Property tax relief: While Murphy has talked about boosting K-12 education aid from the state as a key element of property tax relief — since local schools rely heavily on contributions from property owners to support their budgets — it remains to be seen whether the governor will also devote any new state funding to beef up direct property tax relief programs like Homestead and Senior Freeze. In Christie’s final years in office, the income-eligibility standards for most programs were kept the same, as were the total sizes of the credits or rebate checks provided by the state, which allowed Christie to keep funding for those programs flat. Murphy signaled during a radio interview yesterday that his budget message will show middle-class property tax relief is “high on our agenda,” but he didn’t offer any specifics.

New Jersey Transit: Another top issue of emphasis for Murphy has been the need to restore the state’s mass-transit agency to its former glory, and he has suggested his budget will show that he is committed to providing new state dollars to support NJ Transit operations, and to help offset Christie’s reliance on increased rider fares. It remains to be seen just how much Murphy will be able to improve upon his predecessor’s funding of NJ Transit; making the job harder for Murphy was Christie’s reliance on revenue raided from other places, like the New Jersey Turnpike Authority and the state’s clean-energy fund, to help support NJ Transit operations.

Hospital funding: State funding for hospitals — that’s known in the budget as Charity Care — used to be one of the largest line items, but it was cut back significantly during Christie’s final years in office as the federal Affordable Care Act picked up more of the burden for the state’s neediest residents seeking hospital care. But at $252 million, it remains one of the larger line items in the current state budget, and it is still a closely watched figure for healthcare officials, as is the state allocation for graduate medical-school funding.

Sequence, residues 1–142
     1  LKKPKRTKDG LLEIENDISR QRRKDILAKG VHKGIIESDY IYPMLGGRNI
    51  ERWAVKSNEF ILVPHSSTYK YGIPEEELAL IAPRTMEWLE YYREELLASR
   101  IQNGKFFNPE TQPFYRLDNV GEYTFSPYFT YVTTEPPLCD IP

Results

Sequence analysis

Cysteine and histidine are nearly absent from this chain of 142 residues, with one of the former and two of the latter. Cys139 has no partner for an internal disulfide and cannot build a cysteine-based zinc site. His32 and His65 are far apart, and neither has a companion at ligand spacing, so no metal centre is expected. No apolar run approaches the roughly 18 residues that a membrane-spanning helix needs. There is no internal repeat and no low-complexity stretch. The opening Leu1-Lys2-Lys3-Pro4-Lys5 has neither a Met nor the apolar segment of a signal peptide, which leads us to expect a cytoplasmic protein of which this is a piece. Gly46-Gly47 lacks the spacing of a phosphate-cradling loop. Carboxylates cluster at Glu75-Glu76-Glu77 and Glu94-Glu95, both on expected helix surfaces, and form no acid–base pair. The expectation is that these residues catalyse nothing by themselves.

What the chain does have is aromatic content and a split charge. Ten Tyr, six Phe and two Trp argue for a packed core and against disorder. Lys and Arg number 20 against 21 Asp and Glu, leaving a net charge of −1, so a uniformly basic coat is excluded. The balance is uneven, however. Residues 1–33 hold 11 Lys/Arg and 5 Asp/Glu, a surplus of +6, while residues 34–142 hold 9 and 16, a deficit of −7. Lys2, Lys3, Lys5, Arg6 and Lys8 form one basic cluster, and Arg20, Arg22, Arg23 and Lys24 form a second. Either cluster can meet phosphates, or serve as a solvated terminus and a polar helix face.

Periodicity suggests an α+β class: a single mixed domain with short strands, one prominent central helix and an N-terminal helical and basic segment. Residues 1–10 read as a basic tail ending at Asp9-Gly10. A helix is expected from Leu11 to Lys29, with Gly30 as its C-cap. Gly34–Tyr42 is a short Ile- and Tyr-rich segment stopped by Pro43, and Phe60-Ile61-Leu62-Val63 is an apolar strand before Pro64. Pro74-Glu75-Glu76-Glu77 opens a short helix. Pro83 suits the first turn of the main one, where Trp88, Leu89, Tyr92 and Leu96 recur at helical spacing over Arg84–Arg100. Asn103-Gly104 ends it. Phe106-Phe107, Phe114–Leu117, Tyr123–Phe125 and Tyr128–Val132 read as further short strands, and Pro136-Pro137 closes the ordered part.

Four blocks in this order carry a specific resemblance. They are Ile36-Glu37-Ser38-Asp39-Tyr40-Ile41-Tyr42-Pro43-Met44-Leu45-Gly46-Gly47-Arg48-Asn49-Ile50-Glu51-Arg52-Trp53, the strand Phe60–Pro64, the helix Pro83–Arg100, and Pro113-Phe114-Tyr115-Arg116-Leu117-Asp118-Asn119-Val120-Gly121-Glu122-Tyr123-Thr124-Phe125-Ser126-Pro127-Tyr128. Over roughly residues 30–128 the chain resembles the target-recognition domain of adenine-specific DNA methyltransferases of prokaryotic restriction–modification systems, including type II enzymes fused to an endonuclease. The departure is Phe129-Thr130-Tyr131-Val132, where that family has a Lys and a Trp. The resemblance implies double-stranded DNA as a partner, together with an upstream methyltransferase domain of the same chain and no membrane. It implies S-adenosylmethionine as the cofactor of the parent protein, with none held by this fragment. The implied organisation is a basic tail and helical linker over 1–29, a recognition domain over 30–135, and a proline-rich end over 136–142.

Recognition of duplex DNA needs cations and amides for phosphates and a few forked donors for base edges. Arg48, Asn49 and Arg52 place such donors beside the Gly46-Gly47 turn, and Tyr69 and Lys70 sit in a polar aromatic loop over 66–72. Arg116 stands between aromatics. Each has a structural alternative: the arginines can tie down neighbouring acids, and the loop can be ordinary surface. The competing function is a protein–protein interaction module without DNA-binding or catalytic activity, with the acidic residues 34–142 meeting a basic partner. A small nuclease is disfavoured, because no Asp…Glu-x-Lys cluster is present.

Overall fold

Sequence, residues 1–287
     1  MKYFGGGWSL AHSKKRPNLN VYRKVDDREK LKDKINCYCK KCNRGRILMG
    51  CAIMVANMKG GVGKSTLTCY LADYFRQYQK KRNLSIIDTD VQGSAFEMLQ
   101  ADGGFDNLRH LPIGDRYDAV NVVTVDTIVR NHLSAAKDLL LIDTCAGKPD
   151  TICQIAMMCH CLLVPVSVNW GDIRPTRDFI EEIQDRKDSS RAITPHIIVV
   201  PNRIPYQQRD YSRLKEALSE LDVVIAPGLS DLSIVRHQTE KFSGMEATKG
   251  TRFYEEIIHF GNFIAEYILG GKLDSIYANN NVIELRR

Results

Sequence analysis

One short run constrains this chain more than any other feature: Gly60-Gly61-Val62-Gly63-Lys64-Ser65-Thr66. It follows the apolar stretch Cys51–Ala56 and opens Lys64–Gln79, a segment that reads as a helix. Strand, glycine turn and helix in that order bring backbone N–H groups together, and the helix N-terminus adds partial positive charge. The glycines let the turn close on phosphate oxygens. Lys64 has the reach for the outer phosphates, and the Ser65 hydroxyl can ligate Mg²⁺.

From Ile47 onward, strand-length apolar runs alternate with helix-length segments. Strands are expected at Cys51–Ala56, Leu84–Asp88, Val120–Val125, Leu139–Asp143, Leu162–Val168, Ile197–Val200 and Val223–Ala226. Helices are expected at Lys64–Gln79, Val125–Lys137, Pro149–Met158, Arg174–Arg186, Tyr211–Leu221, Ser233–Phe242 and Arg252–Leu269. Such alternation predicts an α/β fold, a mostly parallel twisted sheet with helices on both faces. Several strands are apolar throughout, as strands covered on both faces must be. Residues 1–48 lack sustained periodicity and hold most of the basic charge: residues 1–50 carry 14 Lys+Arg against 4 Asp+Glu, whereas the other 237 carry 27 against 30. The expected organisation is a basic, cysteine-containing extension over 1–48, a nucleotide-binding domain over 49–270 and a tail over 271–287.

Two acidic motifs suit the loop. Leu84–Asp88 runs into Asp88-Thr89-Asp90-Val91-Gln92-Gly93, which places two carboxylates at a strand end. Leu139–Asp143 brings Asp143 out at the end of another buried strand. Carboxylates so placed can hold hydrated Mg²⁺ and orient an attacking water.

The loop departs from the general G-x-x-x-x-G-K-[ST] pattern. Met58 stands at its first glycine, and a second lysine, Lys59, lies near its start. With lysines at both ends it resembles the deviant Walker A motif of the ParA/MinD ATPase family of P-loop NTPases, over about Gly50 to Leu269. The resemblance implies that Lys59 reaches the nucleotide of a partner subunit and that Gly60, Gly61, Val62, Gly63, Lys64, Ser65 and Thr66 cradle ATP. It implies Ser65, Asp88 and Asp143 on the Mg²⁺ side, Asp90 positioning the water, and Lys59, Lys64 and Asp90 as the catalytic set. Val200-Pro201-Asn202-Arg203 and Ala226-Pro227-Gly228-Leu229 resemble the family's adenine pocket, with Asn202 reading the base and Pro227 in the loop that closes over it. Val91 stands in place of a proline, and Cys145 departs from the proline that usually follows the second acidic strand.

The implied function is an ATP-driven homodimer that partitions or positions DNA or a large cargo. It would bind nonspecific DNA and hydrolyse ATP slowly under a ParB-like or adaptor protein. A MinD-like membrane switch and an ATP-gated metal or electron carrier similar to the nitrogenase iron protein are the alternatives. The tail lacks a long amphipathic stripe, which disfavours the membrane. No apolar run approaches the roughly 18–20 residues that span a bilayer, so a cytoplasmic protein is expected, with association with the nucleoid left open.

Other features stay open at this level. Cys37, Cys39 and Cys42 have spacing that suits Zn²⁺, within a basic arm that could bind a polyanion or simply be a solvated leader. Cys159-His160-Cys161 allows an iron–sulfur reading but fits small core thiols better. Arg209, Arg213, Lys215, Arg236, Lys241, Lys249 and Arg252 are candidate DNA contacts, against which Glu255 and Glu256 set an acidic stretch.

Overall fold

Marijuana: At one point during the campaign, Murphy was banking on collecting as much as $300 million in new annual revenue by legalizing and taxing the sale of recreational marijuana in New Jersey. But fellow Democrats in the Legislature have yet to fully embrace Murphy’s call to legalize pot, so he may not be able to bank on collecting any new revenue in the budget for the 2019 fiscal year.

Surplus: Democrats in the Legislature were constant critics of the Christie administration for maintaining only the slimmest of budget reserves, and among the recommendations made in a report on budget matters that was issued earlier this year by Murphy’s transition team was a call to increase the surplus in the event the state faces a recession or downturn. Republican leaders tried to suggest yesterday that there could be a building surplus in the current fiscal year, but every dollar Murphy leaves in a rainy-day fund is one that cannot be spent on something like mass transit or property tax, so we’ll find out today whether Murphy will follow Christie’s habit of shorting the surplus to use funds for other purposes.